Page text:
Opinion: 'There'll be a second lockdown if we don't start taking face masks seriously'

Masks are one of our greatest weapons in fighting a second wave — so why are the majority of us not taking them seriously?

What if I told you that there was a very simple way to prevent coronavirus from spreading? It's cheap, so easy you can even make it yourself at home, and it means you can go out and about without worrying, as there will be a much lower chance of the disease spreading?

If you haven't guessed, yes, I'm here to talk about masks. Face coverings, homemade cloth masks, bandanas, scarves — whatever you use, it can make a notable difference in the ongoing fight against Covid-19. The virus that we've been battling since the beginning of 2020 has certainly slowed down here in Ireland, but shows no sign of going away completely, and while the country begins to open up and enjoy the summer, we still have to be ever-vigilant.

Ireland's response


Ireland is a country that is actually revered internationally for our response to Covid-19. In contrast to our neighbours on both sides, Ireland began enforcing restrictions quite early on, reducing our travel vicinity to just a 2 kilometre radius, closing all non-essential businesses, and making hand washing and social distancing a priority.

As a result, as of the beginning of this month, Ireland's rate of Covid-19 is less than three cases per 100,000 people. The UK records around 26 cases per 100,000 people, and the U.S records over 987 cases per 100,000 people.

We are doing well. We've gotten through a tremendously tough time as a country, and now, our job is to keep things moving. We can go out again, see our friends and families again, go shopping, eat in restaurants, and soon, we'll be able to go to the cinema and the pub. All that's being asked of us is to keep up our hand-washing, socially distance, and wear masks as much as possible. Why, when the solution to a healthier future is so easy, can we not stick to the rules?


As of today, the Gardaí can legally enforce wearing a face mask on public transport, and the government advises we wear face coverings in any setting where social distancing is difficult, like in a supermarket or crowded shop. Anyone who fails to comply with a request to wear a mask on public transport can potentially be committed to a six month sentence in jail, or to pay a fine of up to €2,500.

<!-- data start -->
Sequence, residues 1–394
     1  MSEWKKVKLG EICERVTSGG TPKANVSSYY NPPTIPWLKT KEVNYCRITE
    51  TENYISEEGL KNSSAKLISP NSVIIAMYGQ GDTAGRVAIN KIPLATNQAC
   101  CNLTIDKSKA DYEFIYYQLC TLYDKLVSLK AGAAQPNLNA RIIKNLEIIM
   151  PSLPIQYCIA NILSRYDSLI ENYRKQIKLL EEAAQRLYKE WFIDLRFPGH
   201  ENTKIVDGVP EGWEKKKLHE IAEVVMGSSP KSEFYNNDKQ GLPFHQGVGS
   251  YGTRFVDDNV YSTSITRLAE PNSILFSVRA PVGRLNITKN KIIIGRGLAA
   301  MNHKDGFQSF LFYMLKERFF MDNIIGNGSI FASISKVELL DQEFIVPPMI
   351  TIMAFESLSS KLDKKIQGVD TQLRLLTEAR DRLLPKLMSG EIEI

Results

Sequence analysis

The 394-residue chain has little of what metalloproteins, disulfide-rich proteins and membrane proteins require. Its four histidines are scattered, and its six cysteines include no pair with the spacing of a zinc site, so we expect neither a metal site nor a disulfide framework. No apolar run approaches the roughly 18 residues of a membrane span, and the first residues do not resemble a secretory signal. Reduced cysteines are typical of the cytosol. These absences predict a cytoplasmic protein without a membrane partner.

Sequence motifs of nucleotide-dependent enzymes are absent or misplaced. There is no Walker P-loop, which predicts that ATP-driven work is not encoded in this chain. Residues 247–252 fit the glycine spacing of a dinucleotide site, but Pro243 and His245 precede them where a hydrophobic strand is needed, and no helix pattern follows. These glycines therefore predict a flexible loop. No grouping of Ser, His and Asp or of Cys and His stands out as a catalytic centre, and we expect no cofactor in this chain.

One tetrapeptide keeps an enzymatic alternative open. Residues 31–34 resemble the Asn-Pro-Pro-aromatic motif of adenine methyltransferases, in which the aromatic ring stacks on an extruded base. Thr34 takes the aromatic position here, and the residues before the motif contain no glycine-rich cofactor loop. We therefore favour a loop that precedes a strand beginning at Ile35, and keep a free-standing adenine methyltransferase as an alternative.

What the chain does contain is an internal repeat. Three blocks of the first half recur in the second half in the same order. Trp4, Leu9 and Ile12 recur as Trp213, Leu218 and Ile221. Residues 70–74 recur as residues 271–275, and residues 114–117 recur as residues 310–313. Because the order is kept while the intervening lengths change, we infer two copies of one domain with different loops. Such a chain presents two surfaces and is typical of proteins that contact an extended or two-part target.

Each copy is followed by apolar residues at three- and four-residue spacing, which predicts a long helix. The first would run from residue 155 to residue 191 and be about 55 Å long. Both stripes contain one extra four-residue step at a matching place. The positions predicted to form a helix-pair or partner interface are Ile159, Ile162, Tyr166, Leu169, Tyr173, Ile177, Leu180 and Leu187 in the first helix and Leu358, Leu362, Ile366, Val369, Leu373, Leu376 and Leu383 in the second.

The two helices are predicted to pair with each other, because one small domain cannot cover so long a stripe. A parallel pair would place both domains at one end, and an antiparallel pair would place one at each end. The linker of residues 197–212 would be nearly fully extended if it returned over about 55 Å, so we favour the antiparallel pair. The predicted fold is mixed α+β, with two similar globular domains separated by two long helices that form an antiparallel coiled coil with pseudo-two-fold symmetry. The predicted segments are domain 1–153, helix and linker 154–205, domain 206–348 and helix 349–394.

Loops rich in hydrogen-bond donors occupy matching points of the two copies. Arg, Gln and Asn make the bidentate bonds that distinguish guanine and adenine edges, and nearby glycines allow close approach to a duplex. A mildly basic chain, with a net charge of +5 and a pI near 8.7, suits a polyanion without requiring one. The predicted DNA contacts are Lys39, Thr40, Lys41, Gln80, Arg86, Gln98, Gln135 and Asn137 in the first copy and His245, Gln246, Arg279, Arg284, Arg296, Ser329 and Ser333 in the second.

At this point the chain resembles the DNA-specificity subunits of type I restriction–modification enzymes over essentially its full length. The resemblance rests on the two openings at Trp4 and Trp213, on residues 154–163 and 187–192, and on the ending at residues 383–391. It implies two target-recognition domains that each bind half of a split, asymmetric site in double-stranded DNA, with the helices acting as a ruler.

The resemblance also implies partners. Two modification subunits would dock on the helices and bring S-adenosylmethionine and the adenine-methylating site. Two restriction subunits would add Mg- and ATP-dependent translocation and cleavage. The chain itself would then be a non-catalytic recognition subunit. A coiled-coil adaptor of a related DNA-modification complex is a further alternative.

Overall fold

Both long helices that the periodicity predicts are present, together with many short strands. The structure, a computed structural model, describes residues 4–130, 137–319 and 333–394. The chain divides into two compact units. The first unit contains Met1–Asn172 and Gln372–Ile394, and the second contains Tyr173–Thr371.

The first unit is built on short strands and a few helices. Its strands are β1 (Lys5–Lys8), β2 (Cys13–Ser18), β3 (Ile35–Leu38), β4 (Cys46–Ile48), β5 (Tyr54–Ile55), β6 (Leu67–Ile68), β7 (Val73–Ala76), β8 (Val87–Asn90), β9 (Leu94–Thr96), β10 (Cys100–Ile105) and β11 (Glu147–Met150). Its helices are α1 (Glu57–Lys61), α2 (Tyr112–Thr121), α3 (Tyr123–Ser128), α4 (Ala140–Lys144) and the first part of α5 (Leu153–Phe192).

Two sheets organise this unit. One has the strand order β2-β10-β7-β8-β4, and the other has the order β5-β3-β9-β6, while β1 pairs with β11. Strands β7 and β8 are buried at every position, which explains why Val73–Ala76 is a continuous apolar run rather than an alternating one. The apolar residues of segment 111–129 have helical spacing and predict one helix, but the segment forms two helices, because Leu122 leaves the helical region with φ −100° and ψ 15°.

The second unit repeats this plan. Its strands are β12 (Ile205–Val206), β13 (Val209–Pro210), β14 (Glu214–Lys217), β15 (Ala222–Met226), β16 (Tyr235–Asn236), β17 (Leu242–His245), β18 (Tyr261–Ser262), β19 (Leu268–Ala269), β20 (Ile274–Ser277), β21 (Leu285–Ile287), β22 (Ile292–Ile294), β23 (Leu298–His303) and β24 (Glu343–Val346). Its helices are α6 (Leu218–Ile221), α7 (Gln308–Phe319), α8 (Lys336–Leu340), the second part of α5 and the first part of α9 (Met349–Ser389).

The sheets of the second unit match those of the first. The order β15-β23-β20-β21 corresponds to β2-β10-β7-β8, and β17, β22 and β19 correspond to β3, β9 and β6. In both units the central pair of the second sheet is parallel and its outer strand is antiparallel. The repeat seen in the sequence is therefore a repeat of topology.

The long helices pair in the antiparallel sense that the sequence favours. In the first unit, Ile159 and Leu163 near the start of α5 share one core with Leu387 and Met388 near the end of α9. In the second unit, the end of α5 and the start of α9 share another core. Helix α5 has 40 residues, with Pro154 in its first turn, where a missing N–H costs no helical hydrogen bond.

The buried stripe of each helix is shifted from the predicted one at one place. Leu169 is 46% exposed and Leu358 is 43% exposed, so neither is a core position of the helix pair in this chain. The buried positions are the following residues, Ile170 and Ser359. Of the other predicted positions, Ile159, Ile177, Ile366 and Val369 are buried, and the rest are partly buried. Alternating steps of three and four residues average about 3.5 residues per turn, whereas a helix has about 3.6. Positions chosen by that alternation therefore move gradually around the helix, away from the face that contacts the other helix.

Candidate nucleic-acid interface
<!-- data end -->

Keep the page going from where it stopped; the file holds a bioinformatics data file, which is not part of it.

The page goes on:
According to various transport companies around Dublin, the compliance rate was quite high this morning on the Luas, bus and DART. But anyone who has been out and about in Dublin city recently will tell you that the anecdotal evidence says otherwise.

I would say that, at most, about 60% of folk in my local supermarket wear face masks. I myself only wear mine about half of the time. People seem to view a mask as an amusing option, something that you might even be embarrassed to be seen in. It makes social interaction a bit more stilted, a bit more awkward, and for us chat-loving Irish, that's difficult.


So we whip them off, stuff them into our purse, and forget about them — until we see an elderly or infirm person, likely terrified of this still-looming pandemic, making do with their own mask, and we remember why we need to cop on a bit.

Grin and bear it

Wearing a mask isn't fun. It's uncomfortable, and makes your upper lip sweat, and you feel like a bit of an eejit trying to chat with one on. But think about the days not so long ago when a chat wasn't an option. Think of when we would give anything for a face-to-face conversation with someone, anyone. Think of the days spent staring at the same four walls, terrified of what could happen if we chanced leaving.

Not only are we facing a second coming of those dark days, but we're potentially facing something much worse. Imagine fobbing off your mask only to realise it could have been the difference between a relative living and dying. A loved one being locked away to deal with a virus alone, when all we had to do was cover our mouths and noses for a few minutes.

If we all don't bear the embarrassment of hiding the bottom-half of our faces for the foreseeable, we could be facing much worse than a minute's worth of mortification. I, for one, am happy to make the swap.

Read more: Opinion: 'Ministerial line-up is another blow to rural, urban and economic affairs in the west'


Read more: WHO reviewing 'evidence emerging' of airborne spread of COVID-19

Read more: 'This summer has been an emotional rollercoaster. I don't know when I'll be able to see my family again'

The image newsletter